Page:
December 17, 2013 at 2:58 pm |
        • Peter

          It is not actually a prediction unless you can tell us exactly when and what will happen.

          December 17, 2013 at 4:19 pm |
        • JOey

          I love the prediction you made: something will happen in Israel in the next 2 years. You really went out on a limb with that one.

          December 17, 2013 at 4:30 pm |
        • CommonSensed

          Don't strain yourself.

          I predict that some time within the next 2 years the forces of Islam will battle itself in the middle east. Not including today.

          Yay – I win too!

          December 17, 2013 at 4:34 pm |
  15. Doc Vestibule

    The End is always nigh.
    When The Rapture comes and all of the true, humble, pious, charitable, forgiving, peaceful Christians ascend bodily to Heaven, I'm sure the world will sorely miss both of them.

    December 17, 2013 at 2:16 pm |
    • rong

      So are you the replacement? Would you like to take a stab at predicting like this guy did? Or are you content to jabber in the corner?

      December 17, 2013 at 2:18 pm |
      • Doc Vestibule

        Every religion has doomsday prophecies and end times prophets.
        They've all been wrong.
        What boggles my mind is how sects like the 7th Day Adventists that are predicated on failed prophecies, continue to exist.

        December 17, 2013 at 2:20 pm |
        • rong

          It was HG Wells, I think, that said there is a sucker born every minute.

          December 17, 2013 at 2:26 pm |
        • UncleBenny

          It was actually P.T. Barnum.

          December 22, 2013 at 3:18 pm |
      • Doc Vestibule

        I long ago made my own prediction regarding the end of the world.
        The end of the world is nigh, but it won't be the Mayan apocalypse, the rapture or ragnarok.
        The signs of our funky, butt wiggling demise are evident to those with eyes to see and ears to hear.
        3 of the 4 Nordic Disco Bands of the "A"pocalypse have made themselves known – Abba, Aqua and Ace of Bass.
        When the A-Teens came on the scene, I stocked my bomb shelter but breathed a sigh of relief when I learned they were just a cover band.
        But make no mistake – groovy doom is coming at 120 beats per minute.

        December 17, 2013 at 2:45 pm |
  16. sam stone


    December 17, 2013 at 2:11 pm |
  17. Mary

    Why couldn't his prediction had been right in a parallel plane of existence?

    December 17, 2013 at 2:09 pm |
    • just sayin

      Maybe it was.

      December 17, 2013 at 2:13 pm |
    • AE

      Why wasn't his prediction right in ours?

      December 17, 2013 at 2:15 pm |
      • Doc Vestibule

        Wait... isn't "Left Behind" a docu/mentary film?

        December 17, 2013 at 2:17 pm |
        • Topher

          The series is based on events that will happen in the future.

          December 17, 2013 at 2:49 pm |
        • Doc Vestibule

          Just like Planet of the Apes and Soylent Green.
          HINT: It's Earth and THEY BLEW IT UP! Soylent Green is PEOPLE!!!!

          December 17, 2013 at 3:05 pm |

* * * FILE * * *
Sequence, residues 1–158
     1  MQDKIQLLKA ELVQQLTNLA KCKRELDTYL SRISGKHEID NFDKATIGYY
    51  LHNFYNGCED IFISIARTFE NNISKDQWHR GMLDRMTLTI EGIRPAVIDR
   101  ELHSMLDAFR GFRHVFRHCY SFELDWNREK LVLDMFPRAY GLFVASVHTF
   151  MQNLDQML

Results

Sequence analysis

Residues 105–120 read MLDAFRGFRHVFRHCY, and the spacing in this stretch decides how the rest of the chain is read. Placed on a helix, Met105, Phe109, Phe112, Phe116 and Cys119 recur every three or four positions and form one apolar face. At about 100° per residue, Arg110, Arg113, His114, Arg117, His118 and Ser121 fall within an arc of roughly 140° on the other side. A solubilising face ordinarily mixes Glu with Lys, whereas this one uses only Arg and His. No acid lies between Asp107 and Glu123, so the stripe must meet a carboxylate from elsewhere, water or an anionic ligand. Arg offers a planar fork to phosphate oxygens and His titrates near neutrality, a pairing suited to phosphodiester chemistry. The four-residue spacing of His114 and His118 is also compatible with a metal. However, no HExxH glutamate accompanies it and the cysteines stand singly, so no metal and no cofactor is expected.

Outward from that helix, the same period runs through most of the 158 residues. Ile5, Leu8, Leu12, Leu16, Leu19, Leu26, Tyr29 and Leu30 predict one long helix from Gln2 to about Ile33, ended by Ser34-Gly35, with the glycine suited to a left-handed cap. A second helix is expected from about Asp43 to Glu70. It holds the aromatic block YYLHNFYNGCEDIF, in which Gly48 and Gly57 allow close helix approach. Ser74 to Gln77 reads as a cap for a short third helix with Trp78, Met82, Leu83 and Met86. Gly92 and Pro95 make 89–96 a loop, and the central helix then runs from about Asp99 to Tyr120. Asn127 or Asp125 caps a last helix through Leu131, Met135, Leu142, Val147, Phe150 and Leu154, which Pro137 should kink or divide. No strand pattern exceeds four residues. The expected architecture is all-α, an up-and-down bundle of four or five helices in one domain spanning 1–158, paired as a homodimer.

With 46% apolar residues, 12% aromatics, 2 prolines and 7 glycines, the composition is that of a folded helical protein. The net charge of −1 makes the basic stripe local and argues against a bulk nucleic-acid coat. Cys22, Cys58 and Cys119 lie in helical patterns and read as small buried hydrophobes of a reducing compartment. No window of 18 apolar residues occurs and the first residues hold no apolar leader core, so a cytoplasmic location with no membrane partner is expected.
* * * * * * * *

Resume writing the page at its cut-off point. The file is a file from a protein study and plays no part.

• Topher

          The Bible and those other books aren't really comparable.

          December 17, 2013 at 3:13 pm |
        • Doc Vestibule

          I wonder why pharmaceutical biochemists haven't been studying the healing effects of communion wine.
          It worked to cure the Tribulation Force, after all.

          December 17, 2013 at 3:24 pm |
        • Topher

          Communion wine has no power.

          If that was from the movie it didn't happen in the books. After the first movie, they got way away from the books.

          December 17, 2013 at 3:51 pm |
      • Mary

        Why couldn't the parallel universe had been skewed a little bit?

        December 17, 2013 at 2:23 pm |
        • AE

          Why should it be?

          December 17, 2013 at 2:25 pm |
      • In Santa we trust

        "Why wasn't his prediction right in ours?"

        Did you miss "The broadcast preacher who predicted the world would end in 2011 ..."

        December 17, 2013 at 2:49 pm |
    • rong

      If it was we shouldn't have known or cared about it

      December 17, 2013 at 2:17 pm |
  18. rong

    I wonder how those who contributed to that $80 million feel.... wonder what quack they contribute to now.

    December 17, 2013 at 2:08 pm |
  19. Dyslexic doG

    not a bad life really. make ridiculous predictions over the radio and have people send you tens of millions of dollars.

    a good gig.

    December 17, 2013 at 2:03 pm |
    • Doc Vestibule

      I prefer the Jimmy Swaggart approach.
      Spend your days condemning this and that from a fiery pulpit and your nights in cocaine fueled or/gies.
      When you get caught, just say "God has forgiven and so should you" and people will keep on giving you their kids' college funds.

      December 17, 2013 at 2:19 pm |
  20. Ima Khan

    I bet he never saw it coming.

    December 17, 2013 at 1:48 pm |
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About this blog

The CNN Belief Blog covers the faith angles of the day's biggest stories, from breaking news to politics to entertainment, fostering a global conversation about the role of religion and belief in readers' lives. It's edited by CNN's Daniel Burke with contributions from Eric Marrapodi and CNN's worldwide news gathering team.